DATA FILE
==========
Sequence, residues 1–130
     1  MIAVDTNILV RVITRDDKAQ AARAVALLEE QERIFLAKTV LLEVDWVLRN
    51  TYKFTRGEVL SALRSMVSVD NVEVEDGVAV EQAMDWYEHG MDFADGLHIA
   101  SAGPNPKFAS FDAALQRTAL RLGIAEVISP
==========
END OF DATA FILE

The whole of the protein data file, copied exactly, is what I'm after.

Sequence, residues 1–130
     1  MIAVDTNILV RVITRDDKAQ AARAVALLEE QERIFLAKTV LLEVDWVLRN
    51  TYKFTRGEVL SALRSMVSVD NVEVEDGVAV EQAMDWYEHG MDFADGLHIA
   101  SAGPNPKFAS FDAALQRTAL RLGIAEVISP